Alison Anderson

about 22 June 1788–15 October 1868 (Age 80)
Cockburnspath, Berwickshire, Scotland, United Kingdom

The Life Summary of Alison

When Alison Anderson was born about 22 June 1788, in Cockburnspath, Berwickshire, Scotland, her father, Thomas Anderson, was 28 and her mother, Christian Blackhall, was 24. She married David Fairbairn on 16 April 1809, in Cockburnspath, Berwickshire, Scotland, United Kingdom. They were the parents of at least 9 sons and 3 daughters. She died on 15 October 1868, in Cove, Berwickshire, Scotland, at the age of 80.

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Family Time Line

David Fairbairn
1787–1867
Alison Anderson
1788–1868
Marriage: 16 April 1809
John Fairbairn
1810–1885
Christopher James Fairbairn
1825–1897
Thomas Fairbairn
1812–
David Fairbairn
1814–
Paul Fairbairn
1815–1887
William Fairbairn
1817–1864
James Fairbairn
1819–1905
Alexander Fairbairn
1821–1902
Walter Fairbairn
1823–1906
Christian Fairbairn
1825–
Grace Fairbairn
1827–
Alison Fairbairn
1829–

Spouse and Children

Children

(12)

+7 More Children

Parents and Siblings

Siblings

(8)

+3 More Children

World Events (7)

1802 · John Playfair publishes summary of James Hutton's theories of geology.
Age 14
In 1802, John Playfair published the Illustrations of the Huttonian Theory of the Earth. His influence was by James Hutton’s knowledge of the earth’s geology.
1811 · The Tron Riot
Age 23
The Tron riot was a riot which occurred in Edinburgh, Scotland on New Year's Eve. A group of young men attacked and robbed wealthier passers-by. One police officer was killed in the riot. Though the total count of participants is unknown, sixty-eight youths were arrested, with five sentenced to death for their actions during the riot.
1815
Age 27
The defeat of Napoleon Bonaparte at Waterloo marks the end of the Napoleonic Wars. Napoleon defeated and exiled to St. Helena.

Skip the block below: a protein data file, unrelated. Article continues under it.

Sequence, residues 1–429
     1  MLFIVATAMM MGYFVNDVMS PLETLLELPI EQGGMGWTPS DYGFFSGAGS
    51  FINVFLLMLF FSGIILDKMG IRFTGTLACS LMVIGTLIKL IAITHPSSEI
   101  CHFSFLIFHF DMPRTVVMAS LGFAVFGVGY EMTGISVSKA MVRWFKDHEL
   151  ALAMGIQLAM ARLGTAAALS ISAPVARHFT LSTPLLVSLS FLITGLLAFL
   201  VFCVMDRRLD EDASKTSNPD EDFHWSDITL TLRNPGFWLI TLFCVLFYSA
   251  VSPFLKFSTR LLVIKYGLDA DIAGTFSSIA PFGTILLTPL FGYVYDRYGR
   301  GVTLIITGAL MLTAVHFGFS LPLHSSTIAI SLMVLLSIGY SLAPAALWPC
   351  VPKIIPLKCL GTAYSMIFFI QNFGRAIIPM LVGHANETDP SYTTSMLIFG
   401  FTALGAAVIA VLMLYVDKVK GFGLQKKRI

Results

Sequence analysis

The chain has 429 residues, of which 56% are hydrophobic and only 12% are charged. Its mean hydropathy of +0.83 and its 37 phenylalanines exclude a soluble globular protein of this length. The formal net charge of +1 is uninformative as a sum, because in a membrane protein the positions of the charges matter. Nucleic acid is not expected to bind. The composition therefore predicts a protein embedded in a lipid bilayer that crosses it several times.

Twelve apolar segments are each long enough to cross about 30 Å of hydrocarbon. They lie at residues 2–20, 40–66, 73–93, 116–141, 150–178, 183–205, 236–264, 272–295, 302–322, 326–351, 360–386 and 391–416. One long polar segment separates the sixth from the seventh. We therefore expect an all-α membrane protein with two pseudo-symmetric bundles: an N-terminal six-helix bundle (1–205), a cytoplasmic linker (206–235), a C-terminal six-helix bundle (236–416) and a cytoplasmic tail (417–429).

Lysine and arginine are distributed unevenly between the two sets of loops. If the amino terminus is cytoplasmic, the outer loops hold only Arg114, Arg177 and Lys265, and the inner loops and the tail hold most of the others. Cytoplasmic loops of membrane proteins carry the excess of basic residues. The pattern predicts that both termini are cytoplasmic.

Name Meaning

Scottish and northern English: very common patronymic from the personal name Ander(s), a northern Middle English form of Andrew . See also Andreas . The frequency of the surname in Scotland is attributable, at least in part, to the fact that St. Andrew is the patron saint of Scotland, so the personal name has long enjoyed great popularity there. Legend has it that the saint's relics were taken to Scotland in the 4th century by a certain St. Regulus. The surname was brought independently to North America by many different bearers and was particularly common among 18th-century Scotch-Irish settlers in PA and VA. In the United States, it has absorbed many cognate or likesounding names in other European languages, notably Swedish Andersson , Norwegian and Danish Andersen , but also Ukrainian Andreychyn, Hungarian Andrásfi, etc.

Dictionary of American Family Names © Patrick Hanks 2003, 2006.

Possible Related Names

Andrew
Andreas
Andersson
Andersen
Andrews
Enderson

Sources (9)

  • Alison Anderson, "Scotland Births and Baptisms, 1564-1950"
  • Alison Anderson, "Scotland Marriages, 1561-1910"
  • Alison Anderson in entry for Christian Faribairn, "Scotland Births and Baptisms, 1564-1950"

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